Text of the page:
Joshua 5:9a, 10-12; Ps 34:2-7; 2 Corinthians 5:17-21; Luke 15:1-3, 11-32
As a priest for over forty years, my main concern is how to help Catholics understand what Jesus’ Church is all about. The readings this weekend are clear about that. The Joshua reading speaks of the Jewish people having moved into the promised land. They celebrated a feast (the Passover), remembering their exodus from Egypt the day after they ate the produce of their first harvest. Part of Psalm 34 is a nice expression of thanks to God for his provision.
The gospel story today is well known to all of us. We hear it often at communal penance services. Many still call it "the Prodigal Son" story. Yet more are now calling it more appropriately "the Loving Father." God, our Father, mostly seems distant to us. Yet we see our Father’s love very clearly in the way Jesus cared for God’s children in his public life. We could see the loving father as the central person in this story. The younger son takes his share of the inheritance and goes off squandering it on bad choices, which seem good from the "dark side," satan’s kingdom. In the end, the young son got tired of eating pig fodder. Finally he goes home, asking his father’s forgiveness and willing to simply work as a hired hand. His father reinstates him fully and has a great party to celebrate his "lost" sons return. How beautiful a story.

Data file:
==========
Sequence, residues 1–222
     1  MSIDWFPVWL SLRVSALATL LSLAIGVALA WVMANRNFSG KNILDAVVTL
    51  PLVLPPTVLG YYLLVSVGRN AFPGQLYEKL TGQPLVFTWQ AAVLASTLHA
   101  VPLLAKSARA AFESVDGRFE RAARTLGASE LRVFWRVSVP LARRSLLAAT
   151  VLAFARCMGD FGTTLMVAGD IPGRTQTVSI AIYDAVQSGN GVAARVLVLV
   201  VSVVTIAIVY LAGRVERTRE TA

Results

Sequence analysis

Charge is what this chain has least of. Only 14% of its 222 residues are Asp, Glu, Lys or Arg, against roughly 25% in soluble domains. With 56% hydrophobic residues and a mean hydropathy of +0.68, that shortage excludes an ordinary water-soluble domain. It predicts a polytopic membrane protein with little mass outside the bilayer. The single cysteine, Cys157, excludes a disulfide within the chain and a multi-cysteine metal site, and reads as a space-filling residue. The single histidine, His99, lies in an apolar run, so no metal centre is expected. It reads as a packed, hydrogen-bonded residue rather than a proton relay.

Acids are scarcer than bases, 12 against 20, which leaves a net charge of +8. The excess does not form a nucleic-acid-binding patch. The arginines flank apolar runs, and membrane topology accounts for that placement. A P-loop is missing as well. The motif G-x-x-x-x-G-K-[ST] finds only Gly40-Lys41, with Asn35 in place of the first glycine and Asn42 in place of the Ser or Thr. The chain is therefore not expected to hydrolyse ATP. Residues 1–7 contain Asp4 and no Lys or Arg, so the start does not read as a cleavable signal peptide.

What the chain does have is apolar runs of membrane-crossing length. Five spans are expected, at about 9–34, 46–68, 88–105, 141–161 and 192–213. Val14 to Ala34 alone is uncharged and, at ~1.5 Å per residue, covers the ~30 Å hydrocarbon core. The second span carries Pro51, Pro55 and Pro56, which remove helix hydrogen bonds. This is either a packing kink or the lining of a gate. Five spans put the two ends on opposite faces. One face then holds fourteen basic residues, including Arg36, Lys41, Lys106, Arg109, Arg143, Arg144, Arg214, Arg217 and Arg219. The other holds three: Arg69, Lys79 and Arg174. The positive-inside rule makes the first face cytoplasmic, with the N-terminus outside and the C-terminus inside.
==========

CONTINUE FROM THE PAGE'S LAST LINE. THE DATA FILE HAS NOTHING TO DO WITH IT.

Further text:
I have used this kind of story when I have heard the confession of a person who has been away from our church for a very long time, such as thirty or more years. "Welcome home. Let’s go have dinner or a party." The person is amazed that I am so happy that they have come home. They got all their sins taken away through God’s forgiveness. Granting absolution is the second most important power a priest is given at his ordination, to care for God’s people. You get your past sins "erased" and start over with a clean slate. After confession I have frequently felt much lighter. "Try it. You’ll like it."
The responsorial Ps 34 acclaims, "Look to God that you might be radiant with joy.” I love hearing confessions and observing people leaving our experience with freedom and joy. Get cleaned up for Easter. If you have been away for a while, please come home. I "am running out to greet you and welcome you home." We would love to have you back.
Have a blessed week,
+ Fr. Bob Hilz
(© 2016 Fr. Bob Hilz, TOR}